Home > Australia, Natural disasters, Queensland > Queensland counts Yasi’s huge cost

Queensland counts Yasi’s huge cost

February 3, 2011

By Greg Ansley

Under leaden skies and sheets of torrential rain that obscured its ranges, north Queensland was last night counting both costs and blessings as Cyclone Yasi raged far into the west, losing potency as it went.

The massive category-five cyclone – raging on to the coast between Cairns and Townsville early yesterday and cutting a 1000km-wide swathe – was the largest storm in the state’s modern history.

But while it caused huge damage, it missed the region’s biggest population centres and, as far as authorities could judge last night, left no one dead or seriously injured. However, last night, two men were missing in Innisfail.

In Cairns, three babies were born at Yasi’s peak – one a girl in an evacuation centre, helped by a midwife also sheltering there.

There may yet be some tragic shocks: numerous small towns and isolated farmhouses have still to be searched, and as darkness fell, emergency service teams were still using chainsaws to chew their way through roads blocked by trees strewn about, many said, “like matchsticks”.

North of Bowen, where trees and shrubs lashed by the southern tip of Yasi’s tail littered streets, parks and gardens, the Bruce Highway to Townsville last night remained cut, with cars needing to ford flooded sections before being turned back.

In this southern fringe the storm was fierce, but held nothing of the fury that devastated the towns of Tully, Mission Beach, Cardwell, Silkwood and Innisfail, ground zero for the landfall of Yasi’s 290km/h winds.

There, the cyclone ravaged as many as one house in three – perhaps more – in a night of terror that left the communities looking like what one shaken resident described as a war zone.

In Cardwell, the cyclone wrecked the marina and tossed boats up to two blocks inland. “This place is wiped out,” said Returned Services League president Ray Andrews, who told News Ltd the cyclone felt “like a freight train coming for you”.

An aerial survey by emergency services indicated that at least 170 homes had been destroyed in Mission Beach, Cardwell, Tully and Port Hinchinbrook. Yasi also stripped the region of vital services, cutting power to 180,000 homes, knocking out 15,000 landlines and 60 mobile towers and blocking dozens of roads.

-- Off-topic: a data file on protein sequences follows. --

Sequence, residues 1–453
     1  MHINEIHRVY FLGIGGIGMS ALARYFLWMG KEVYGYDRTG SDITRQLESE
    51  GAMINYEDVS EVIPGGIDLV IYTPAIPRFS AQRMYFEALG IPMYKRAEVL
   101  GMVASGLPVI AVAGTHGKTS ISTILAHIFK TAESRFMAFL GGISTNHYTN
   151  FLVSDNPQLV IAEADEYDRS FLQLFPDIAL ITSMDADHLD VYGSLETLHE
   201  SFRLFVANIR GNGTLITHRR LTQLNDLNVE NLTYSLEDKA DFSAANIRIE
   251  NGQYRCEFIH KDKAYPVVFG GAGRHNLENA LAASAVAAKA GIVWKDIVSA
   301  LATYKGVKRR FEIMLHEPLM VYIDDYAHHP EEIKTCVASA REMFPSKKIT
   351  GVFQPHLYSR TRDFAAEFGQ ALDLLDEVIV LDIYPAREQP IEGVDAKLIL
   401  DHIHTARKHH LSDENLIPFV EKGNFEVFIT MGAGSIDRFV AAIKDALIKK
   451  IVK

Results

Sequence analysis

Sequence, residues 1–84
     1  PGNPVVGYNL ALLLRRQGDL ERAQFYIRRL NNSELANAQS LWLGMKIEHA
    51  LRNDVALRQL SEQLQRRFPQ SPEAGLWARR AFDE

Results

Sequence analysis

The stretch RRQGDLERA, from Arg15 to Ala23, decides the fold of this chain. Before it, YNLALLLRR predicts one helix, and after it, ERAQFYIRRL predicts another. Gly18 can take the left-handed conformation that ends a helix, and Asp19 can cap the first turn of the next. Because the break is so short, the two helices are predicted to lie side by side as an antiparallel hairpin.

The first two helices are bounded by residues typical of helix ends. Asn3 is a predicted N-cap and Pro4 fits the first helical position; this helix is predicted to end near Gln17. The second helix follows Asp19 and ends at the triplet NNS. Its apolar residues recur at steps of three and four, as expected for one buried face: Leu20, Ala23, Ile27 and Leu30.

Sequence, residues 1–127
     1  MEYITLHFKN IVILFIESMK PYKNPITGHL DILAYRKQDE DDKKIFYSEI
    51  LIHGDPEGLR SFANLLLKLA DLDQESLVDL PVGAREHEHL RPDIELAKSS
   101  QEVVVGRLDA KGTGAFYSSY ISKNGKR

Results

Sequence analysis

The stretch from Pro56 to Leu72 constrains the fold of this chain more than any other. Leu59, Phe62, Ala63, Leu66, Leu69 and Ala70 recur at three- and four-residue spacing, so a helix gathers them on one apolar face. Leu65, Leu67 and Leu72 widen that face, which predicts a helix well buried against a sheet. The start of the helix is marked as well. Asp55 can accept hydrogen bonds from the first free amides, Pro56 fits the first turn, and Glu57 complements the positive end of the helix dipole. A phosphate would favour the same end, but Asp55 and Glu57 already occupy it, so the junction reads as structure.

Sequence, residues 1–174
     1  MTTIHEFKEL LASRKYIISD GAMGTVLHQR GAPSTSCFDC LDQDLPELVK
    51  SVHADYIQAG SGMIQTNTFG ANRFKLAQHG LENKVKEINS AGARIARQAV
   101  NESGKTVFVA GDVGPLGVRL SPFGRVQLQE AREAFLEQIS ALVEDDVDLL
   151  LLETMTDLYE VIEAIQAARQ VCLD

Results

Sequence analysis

Damage to vital facilities has left Townsville and Magnetic Island without water. Banana and cane crops have been devastated, adding to a damage bill that will soar beyond the billions lost to earlier flooding, forcing Prime Minister Julia Gillard to slash more spending from her May budget.

But Yasi’s sword was two-edged.

“I certainly think that many in north Queensland will be breathing a sigh of relief,” Premier Anna Bligh said. “I am equally aware that communities will be facing scenes of considerable devastation.

“Many people will be feeling a great sense of despair. Can I say to you, ‘You are not alone’.”

As Queenslanders emerged to survey what was left of their homes, terrifying stories of survival emerged.

Some people, turned away from evacuation centres, hid in bathtubs covered by mattresses; others climbed under the houses; one family huddled in a car parked in the garage beneath their home.

In Tully, Shirelle Skelly and her husband fought an exhausting, personal battle against the tempest, shoulders against the door of their house to prevent the storm shrieking inside.

As they pushed back, Yasi drove harder, forcing them backwards time and again before finally moving on, leaving the Skellys spent, but their house mostly intact.

“We were not going to let this monster take it away from us,” Ms Skelly told ABC radio.

In Tully, Red Cross co-ordinator Noelene Byrne took 10 locals to the Senior Citizens’ Hall for safety, but had second thoughts and moved to the Red Cross centre.

In the morning, she found the hall mangled. “If we had stayed there, lives would have been lost.”

At Mission Beach, where Yasi first left the sea, one resident told the ABC that the house felt like it was breathing, like bellows: “I could feel the pressure.”

Mission Beach local Ron Darlington said the town looked like it had been hit by a nuclear bomb after a night that had left children “freaking out” and “even for the hard core, pretty savage”.

“I just wonder where everyone is going to sleep tonight.”

The surrounding rainforest has been stripped. Locals said there was no canopy, and entire trees had been stripped bare of leaves.

This could spell disaster for the region’s endangered cassowaries, the brilliantly plumaged giant flightless bird that barely survived Cyclone Larry four years ago.

The full extent of the damage will take days to assess and months to repair.

The army flew three Chinook helicopters, three NH90s and eight Blackhawks from Townsville to Mackay as Yasi bore down on the city, and it was not until late yesterday that skies became safe enough for limited operations to begin.

Winds were still strong in coastal regions, and were expected to continue to be damaging, if not catastrophic, as the cyclone moved towards Mt Isa, 900km from the coast.

%d bloggers like this: